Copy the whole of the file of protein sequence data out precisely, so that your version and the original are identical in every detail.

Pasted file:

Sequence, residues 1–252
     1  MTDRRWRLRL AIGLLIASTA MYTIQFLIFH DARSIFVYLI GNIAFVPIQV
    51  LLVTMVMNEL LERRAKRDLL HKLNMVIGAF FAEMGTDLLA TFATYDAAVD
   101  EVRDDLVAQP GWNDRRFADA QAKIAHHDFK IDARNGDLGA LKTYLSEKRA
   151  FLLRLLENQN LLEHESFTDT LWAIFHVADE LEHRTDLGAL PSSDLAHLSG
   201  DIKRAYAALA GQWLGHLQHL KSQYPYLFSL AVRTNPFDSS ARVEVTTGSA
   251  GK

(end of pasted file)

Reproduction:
Sequence, residues 1–252
     1  MTDRRWRLRL AIGLLIASTA MYTIQFLIFH DARSIFVYLI GNIAFVPIQV
    51  LLVTMVMNEL LERRAKRDLL HKLNMVIGAF FAEMGTDLLA TFATYDAAVD
   101  EVRDDLVAQP GWNDRRFADA QAKIAHHDFK IDARNGDLGA LKTYLSEKRA
   151  FLLRLLENQN LLEHESFTDT LWAIFHVADE LEHRTDLGAL PSSDLAHLSG
   201  DIKRAYAALA GQWLGHLQHL KSQYPYLFSL AVRTNPFDSS ARVEVTTGSA
   251  GK